Someone actually giving me money for my work is the most direct way I can think of to see that there’s value in it. Maybe this is all a bit too self-analytical, and writing for publication (or self-publication) is simply another hobby that nicely exists alongside my actual gaming.

After Blood of the Gods for Arc Dream, my next bit of writing was for Newt Newport and D101 Games. Newt seems to be receptive to my ideas (ah, that vanity/appreciation thing again).  He peer-reviewed an early copy of Blood of the Gods, and the first draft was much improved by his input. I’ve done bits and pieces of editing and proof reading on a good few D101 products. Perhaps most significantly, I co-edited the marvellous game of fallen Chinese immortals doing good deeds and kung fu, Monkey.

I’m still rather pleased with Drowned Lands, the first thing I wrote for D101. What is it? Well, here’s the setting pitch (from which you can, if you want, take a good guess at when it was written):

The summer of 2011 was blisteringly hot and humid,
both in Britain and in the rest of the world.
Perhaps nothing too unusual.
Then it started to rain.
Still nothing unusual.
It started to rain everywhere in the world, even in deserts.
And it didn’t stop.

It’s a setting included in Worlds of Wordplay– a version of Graham Spearing’s Wordplay RPG including various settings that is published by D101. Drowned Lands is based in VSCA’s Deluge setting toolkit, which, like Wordplay, is creative commons. My setting a rather British post-apocalypse, based around the south coast of England, where I grew up, after a hundred years of constant rain.

While talking about D101 games, I should mention OpenQuest. From the start (before I was writing for D101), I loved OpenQuest, which is a take on fantasy gaming using an engine in the same family as Basic Roleplaying and Runequest, but to my mind more elegant than Basic Roleplaying and simpler than Runequest. I should say here that I also have a soft spot for Runequest’s crunchier take, especially when it comes to combat, but OpenQuest scratches a different itch. I should also mention that OpenQuest 2 is out soon, and the PDF I’ve seen looks great!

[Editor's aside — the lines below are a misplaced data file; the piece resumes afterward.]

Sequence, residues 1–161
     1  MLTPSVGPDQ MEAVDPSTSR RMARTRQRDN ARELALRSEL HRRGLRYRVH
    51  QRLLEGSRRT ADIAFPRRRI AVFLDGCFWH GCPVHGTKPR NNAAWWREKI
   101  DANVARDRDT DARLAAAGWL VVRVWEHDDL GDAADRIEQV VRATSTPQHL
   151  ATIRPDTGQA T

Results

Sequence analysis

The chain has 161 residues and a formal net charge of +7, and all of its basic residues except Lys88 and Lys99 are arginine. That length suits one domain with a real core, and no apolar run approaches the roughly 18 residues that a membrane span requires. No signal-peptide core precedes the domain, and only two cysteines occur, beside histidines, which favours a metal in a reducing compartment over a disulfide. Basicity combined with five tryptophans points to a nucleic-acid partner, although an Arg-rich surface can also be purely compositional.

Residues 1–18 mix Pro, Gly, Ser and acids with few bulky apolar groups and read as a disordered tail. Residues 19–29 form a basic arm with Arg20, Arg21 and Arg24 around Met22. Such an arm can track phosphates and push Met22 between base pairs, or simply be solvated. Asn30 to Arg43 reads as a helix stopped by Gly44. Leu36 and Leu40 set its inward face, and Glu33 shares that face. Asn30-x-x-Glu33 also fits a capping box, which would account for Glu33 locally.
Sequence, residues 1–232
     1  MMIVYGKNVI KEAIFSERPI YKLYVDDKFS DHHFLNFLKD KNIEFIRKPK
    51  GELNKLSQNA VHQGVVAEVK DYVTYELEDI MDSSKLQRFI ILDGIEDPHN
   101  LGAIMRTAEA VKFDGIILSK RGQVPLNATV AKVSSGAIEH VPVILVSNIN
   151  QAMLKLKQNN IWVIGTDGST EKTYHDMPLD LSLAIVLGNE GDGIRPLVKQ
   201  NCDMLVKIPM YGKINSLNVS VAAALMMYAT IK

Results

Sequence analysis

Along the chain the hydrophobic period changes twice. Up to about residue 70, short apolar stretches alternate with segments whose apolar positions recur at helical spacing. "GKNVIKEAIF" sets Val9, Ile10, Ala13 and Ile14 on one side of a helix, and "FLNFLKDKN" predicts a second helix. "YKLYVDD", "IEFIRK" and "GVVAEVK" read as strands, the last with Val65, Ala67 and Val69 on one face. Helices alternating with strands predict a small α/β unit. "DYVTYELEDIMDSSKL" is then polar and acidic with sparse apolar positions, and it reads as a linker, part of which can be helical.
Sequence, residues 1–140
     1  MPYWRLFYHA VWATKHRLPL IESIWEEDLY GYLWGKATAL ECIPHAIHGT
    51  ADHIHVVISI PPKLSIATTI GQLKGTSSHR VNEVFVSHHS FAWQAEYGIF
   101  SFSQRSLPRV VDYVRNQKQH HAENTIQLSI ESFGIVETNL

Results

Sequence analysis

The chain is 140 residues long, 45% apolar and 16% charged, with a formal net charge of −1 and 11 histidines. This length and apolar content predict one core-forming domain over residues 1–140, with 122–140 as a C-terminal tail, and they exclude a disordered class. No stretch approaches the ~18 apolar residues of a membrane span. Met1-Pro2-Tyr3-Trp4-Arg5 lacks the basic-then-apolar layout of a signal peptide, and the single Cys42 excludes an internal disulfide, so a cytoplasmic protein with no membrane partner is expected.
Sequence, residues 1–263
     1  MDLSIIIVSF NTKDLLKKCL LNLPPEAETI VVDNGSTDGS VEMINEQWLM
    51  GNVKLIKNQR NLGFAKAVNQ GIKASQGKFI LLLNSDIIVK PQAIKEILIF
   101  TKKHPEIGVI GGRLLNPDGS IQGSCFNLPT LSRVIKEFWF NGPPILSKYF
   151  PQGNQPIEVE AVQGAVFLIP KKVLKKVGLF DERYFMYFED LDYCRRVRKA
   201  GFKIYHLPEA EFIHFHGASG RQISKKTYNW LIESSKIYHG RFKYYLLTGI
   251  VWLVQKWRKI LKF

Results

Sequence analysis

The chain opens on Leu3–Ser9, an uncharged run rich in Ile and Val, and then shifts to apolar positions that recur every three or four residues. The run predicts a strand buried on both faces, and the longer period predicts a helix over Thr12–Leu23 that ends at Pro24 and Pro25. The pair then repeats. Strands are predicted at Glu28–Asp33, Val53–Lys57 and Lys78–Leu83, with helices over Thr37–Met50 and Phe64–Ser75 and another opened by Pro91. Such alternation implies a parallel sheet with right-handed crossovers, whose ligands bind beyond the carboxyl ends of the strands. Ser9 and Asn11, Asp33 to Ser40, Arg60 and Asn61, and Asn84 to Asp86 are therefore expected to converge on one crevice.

I’ve helped a bit with OpenQuest 2, but my big thing for it is a setting I cowrote with Simon Bray called Here Be Dragons. Now this one came into being almost by accident. Both Simon and I submitted articles to Newt on similar themes- mine being a city ruled by a Dragon, and Simon’s on creatures called Dracorians and a scenario based around them. Newt suggested combining them into a book, so we wrote more and did so.

The writing for this one was absolutely frantic, with ideas and e-mails flying back and forth. We were done with a first draft remarkably quickly. I think the result is glorious- a swords and sorcery setting with Simon’s art and maps, a lot of dark stuff, bits inspired by Greek mythology, a city that was my take on Byzantium, and parts of the style owing as much to Pratchett as to anything else. I like writing with a coauthor. It makes me efficient and the results, based on the two times I’ve done it, surprise me in a nice way.